Drop-in fuels can replace conventional fuels

“Drop-in fuels” are defined as chemically similar, if not outright identical to conventional fuels, and are fundamentally switchable with diesel or gasoline.

“Drop-in fuels” are defined as chemically similar, if not outright identical to conventional fuels, and are fundamentally switchable with diesel or gasoline.

Unlike ethanol or biodiesel, they can replace the conventional fuels as opposed to having to be blended with them.

Until now, algae was the predominate player in producing a drop-in fuel, but as of yet it is nowhere near commercial production.

Butanol, a product of ethyl alcohol, or isobutyl alcohol as it is also known, is a close second and there are plans for commercialization in the next few years with the retrofitting of some existing ethanol facilities in the midwest United States.

Alberta (no surprise) is not lagging behind in its efforts to participate in the renewable fuel game.

Since 2003, we have been working hard to develop our contribution to the production of drop-in fuels. Researchers at the University of Alberta have developed a process that uses heat to “crack” renewable feed stocks such as plant seed oils, animal fats (like beef tallow or cooking grease) and tall oil, a byproduct from trees and the forest industry, into molecules identical to conventional petroleum.

The process blends water and the feedstock and then uses an ultra-high heat treatment process that forms fatty acids and glycerol.

Once cooled, the fatty acids are removed from the water and glycerol and then further pyrolized to produce deoxygenized petroleum liquids.

The petroleum liquids can then be refined to gasoline, diesel, jet fuel, etc.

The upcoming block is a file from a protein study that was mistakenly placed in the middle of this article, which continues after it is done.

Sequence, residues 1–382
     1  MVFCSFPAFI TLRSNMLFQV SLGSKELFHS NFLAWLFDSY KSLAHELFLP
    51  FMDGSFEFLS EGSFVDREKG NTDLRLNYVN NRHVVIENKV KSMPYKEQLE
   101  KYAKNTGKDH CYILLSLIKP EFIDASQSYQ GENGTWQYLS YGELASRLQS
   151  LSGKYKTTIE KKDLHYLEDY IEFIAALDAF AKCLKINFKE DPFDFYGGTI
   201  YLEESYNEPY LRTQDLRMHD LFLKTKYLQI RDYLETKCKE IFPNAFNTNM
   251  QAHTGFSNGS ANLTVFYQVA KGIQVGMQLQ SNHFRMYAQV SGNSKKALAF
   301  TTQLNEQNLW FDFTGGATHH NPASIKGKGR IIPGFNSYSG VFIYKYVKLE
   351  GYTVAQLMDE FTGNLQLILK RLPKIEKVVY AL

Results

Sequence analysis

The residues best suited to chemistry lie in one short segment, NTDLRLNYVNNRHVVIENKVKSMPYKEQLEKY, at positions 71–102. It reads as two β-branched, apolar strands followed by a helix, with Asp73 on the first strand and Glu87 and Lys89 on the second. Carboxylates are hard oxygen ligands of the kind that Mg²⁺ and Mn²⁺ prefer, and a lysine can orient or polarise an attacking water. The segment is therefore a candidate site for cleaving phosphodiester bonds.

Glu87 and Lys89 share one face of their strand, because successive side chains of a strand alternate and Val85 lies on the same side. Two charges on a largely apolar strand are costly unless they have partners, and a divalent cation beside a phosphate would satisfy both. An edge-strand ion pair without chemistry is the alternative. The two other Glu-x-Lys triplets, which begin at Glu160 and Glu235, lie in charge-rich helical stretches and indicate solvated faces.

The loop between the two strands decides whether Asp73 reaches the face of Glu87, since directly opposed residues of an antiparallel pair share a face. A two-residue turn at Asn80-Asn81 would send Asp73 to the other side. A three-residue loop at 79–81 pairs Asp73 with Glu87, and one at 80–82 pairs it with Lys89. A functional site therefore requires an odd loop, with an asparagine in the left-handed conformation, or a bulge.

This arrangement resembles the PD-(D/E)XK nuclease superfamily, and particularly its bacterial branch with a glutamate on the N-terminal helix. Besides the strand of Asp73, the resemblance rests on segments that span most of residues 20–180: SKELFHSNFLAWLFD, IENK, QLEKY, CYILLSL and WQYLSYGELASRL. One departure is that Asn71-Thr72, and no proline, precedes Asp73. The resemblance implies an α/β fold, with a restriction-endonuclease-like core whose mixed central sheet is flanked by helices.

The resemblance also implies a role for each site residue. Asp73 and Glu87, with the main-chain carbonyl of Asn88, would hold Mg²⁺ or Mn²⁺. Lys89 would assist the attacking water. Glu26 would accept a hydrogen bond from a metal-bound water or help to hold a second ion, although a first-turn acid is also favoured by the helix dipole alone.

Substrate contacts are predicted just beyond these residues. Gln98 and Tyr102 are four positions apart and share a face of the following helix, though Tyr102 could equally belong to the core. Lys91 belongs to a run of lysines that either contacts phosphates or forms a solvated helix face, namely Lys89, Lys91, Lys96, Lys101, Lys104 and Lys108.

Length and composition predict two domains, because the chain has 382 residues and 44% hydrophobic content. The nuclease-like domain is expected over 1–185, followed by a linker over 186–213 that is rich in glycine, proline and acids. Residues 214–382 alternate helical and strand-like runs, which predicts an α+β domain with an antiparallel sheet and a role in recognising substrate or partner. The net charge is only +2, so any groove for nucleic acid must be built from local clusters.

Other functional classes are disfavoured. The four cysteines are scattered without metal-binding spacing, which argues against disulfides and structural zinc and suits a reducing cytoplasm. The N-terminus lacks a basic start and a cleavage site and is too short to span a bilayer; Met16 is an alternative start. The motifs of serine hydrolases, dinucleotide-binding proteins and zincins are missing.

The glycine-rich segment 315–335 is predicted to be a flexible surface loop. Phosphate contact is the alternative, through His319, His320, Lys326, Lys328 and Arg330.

This patented process, which until now was too expensive for commercialization, is the brainchild of David Bressler of the University of Alberta, faculty of Agricultural Life and Environmental Science. Bressler has spent almost 10 years working on developing an economic and simple process.

The whole process eliminates a million years of natural processes and produces a fuel that can drop into existing hydrocarbon infrastructure. What’s more, when compared to the production of petroleum using traditional methods, the production of this drop-in fuel reduces greenhouse gases, according to Bressler and his team, by an estimated 90 to 99 per cent.

This lipid-to-hydrocarbon process is now in the initial stages of commercialization with a pre-commercial plant being commissioned on the U of A campus. Once in operation, it is expected to produce 200,000 litres of renewable fuels by the end of this year. With proof of concept, a full-sized commercial plant will follow.

With the development of renewable fuels that are as energy dense as conventional petroleum, we will have made a small step forward to reducing our reliance on traditional sources of energy. This small step also moves us a little further in reducing greenhouse gases by using animal and forest waste products that we presently have limited use for or require disposal.

Using materials readily available in our environment for the production of fuel, this process reduces the use of carbon that has been sequestered for millions of years.

A small step, yes, but a step in the right direction.

Lorne Oja is an energy consultant, power engineer and a partner in a company that installs solar panels, wind turbines and energy control products in Central Alberta. He built his first off-grid home in 2003. His column appears every second Friday in the Advocate. Contact him at lorne@solartechnical.ca.